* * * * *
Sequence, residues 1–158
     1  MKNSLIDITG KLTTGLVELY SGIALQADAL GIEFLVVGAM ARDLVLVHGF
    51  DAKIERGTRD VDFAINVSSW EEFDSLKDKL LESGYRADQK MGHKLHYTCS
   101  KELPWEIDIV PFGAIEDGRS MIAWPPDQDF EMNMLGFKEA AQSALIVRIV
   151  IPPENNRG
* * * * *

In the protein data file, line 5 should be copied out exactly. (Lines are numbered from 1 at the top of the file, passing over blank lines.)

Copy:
   151  IPPENNRG